Caltech’s basketball team, above, just won its first conference road game, ever, against the Pomona Pitzer Sagehens, 76-61. See my Friday column for the details …
Not only are the 12 days of Christmas long past — we’re closing in on Valentine’s Day. And yet the sidewalks and gutters of west Pasadena are still lined with browning yuletide trees that, in theory, the city’s Public Works Department or its hired guns are going to pick up and mulch, as has been done for years.
So what gives? One neighborhood resident wrote to say that there are practically betting pools going on as to whether the pines are going to have to be taken back in by their hope-to-be-former owners and stuffed into the greeenwaste bins over the next few months.
This past weekend was the last time to view Ingres’s painting “Comtesse d’Hausonville” at the Norton Simon in Pasadena before it heads back to the Frick Collection in New York City.
The crowded parking lot — I grabbed a spot across the street — seemed to indicate that lots of people had come to Pasadena to do just that. I dropped in while running errands because I hadn’t been to the Simon since the painting arrived in November and figured I better catch it. I don’t know from Ingres, really, or any early-19th-century painters; it was more as a kind of duty.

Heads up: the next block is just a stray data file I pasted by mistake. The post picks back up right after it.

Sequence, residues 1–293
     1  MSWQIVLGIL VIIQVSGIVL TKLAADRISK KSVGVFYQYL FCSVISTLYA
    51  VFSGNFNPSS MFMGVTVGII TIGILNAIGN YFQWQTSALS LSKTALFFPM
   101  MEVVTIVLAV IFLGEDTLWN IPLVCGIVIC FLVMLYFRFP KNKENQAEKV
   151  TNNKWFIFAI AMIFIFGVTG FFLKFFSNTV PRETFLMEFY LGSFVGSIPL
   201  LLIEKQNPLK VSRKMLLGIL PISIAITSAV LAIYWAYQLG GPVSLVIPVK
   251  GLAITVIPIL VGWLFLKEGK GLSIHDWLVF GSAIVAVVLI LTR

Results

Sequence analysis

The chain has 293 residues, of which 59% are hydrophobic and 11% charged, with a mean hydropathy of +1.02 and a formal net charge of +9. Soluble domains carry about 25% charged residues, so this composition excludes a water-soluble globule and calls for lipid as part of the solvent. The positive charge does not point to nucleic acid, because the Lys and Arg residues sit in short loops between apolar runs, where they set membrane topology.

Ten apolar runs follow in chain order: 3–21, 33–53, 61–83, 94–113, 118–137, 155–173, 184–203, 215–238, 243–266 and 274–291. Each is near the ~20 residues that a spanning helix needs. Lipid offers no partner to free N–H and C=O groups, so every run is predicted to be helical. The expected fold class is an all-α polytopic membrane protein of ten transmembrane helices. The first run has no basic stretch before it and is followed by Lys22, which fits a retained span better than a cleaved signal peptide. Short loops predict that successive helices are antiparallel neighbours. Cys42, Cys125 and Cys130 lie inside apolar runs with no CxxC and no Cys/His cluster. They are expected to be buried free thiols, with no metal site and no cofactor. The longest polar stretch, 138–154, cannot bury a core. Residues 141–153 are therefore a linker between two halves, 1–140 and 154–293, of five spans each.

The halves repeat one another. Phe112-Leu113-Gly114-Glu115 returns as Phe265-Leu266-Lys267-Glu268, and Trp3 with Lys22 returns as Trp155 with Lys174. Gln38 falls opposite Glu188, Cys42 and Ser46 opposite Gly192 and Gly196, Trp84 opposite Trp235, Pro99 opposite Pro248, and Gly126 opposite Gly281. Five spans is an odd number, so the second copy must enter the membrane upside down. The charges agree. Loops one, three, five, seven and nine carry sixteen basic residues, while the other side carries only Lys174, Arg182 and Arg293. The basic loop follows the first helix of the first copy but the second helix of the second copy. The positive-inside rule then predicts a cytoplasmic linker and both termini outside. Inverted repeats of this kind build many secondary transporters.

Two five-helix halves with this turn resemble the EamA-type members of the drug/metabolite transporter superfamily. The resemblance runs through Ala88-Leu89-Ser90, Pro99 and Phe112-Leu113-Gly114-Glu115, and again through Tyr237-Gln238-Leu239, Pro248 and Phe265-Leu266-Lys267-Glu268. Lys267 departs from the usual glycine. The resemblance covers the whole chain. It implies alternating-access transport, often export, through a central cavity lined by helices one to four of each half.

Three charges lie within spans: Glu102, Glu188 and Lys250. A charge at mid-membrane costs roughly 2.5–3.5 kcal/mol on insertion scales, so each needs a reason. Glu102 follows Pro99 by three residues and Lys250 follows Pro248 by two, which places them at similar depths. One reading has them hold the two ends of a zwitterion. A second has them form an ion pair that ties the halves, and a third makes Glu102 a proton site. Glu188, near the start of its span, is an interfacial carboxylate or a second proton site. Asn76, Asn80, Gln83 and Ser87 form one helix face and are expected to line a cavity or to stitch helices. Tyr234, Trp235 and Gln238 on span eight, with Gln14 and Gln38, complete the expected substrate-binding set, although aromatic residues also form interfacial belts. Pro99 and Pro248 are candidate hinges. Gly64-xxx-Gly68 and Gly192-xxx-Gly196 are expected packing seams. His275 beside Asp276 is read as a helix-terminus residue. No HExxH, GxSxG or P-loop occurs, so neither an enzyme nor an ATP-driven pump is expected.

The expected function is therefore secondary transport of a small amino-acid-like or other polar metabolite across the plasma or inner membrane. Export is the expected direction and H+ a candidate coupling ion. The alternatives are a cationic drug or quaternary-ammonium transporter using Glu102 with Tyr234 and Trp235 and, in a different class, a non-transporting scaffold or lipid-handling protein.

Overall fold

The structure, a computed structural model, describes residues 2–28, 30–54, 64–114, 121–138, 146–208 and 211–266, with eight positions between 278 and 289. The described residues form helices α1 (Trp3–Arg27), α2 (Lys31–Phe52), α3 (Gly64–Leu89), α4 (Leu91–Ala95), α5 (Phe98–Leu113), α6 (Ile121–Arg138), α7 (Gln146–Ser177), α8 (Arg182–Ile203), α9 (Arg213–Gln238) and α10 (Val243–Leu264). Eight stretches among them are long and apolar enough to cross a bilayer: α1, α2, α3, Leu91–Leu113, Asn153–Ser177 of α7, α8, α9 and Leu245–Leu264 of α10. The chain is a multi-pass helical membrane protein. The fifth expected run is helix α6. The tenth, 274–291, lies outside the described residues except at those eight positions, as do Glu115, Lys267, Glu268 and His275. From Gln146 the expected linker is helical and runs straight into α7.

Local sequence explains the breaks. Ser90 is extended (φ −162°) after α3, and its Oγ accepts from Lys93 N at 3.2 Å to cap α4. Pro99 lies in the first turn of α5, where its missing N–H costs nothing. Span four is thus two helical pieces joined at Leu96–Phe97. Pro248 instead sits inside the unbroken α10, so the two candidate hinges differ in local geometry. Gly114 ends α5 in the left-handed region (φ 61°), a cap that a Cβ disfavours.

But when I walked down the Old Masters corridor, where I usually don’t tread in the museum, there were just a few people checking out the old girl, whose rendering has been described as a “rainbow of blues.” Beautiful.
There was a nice little tribute to the late Jennifer Jones Simon in the front hall.
I feel on a weekend visit the way foreigners used to tourism must feel in their own museums — in the minority. Most of the hundreds of people there were speaking a language other than English — Japanese, French, Arabic among them.
Starving, so we got some soup from the stand near the garden, which food, bless her heart, wouldn’t have been possible without Jennifer Jones — though she had to wait for Norton to die. He had locked up the auditorium and banned the notion of food or other frivolities when he took over the late, lamented Pasadena Art Museum. She finally was able to provide some sustenance.
Though the rains were long gone, and a walk down the garden path designed by Nancy Goslee Power would have been nice, a stern guard prevented that — as if the decomposed granite wasn’t quite ready for our shoes after the storms. Norton would have liked that restriction of access.
But his art — can’t fault that.
Christopher Nyerges forwards this photo from early this morning after the reopening of Canyon Crest, the only road into the farthest northwest neighborhood of Altadena, The Meadows. Monday afternoon and evening the road was closed down because those logs in the picture had blocked off the culverts that run under the road and black mud piled up on its surface, making it impassable to cars.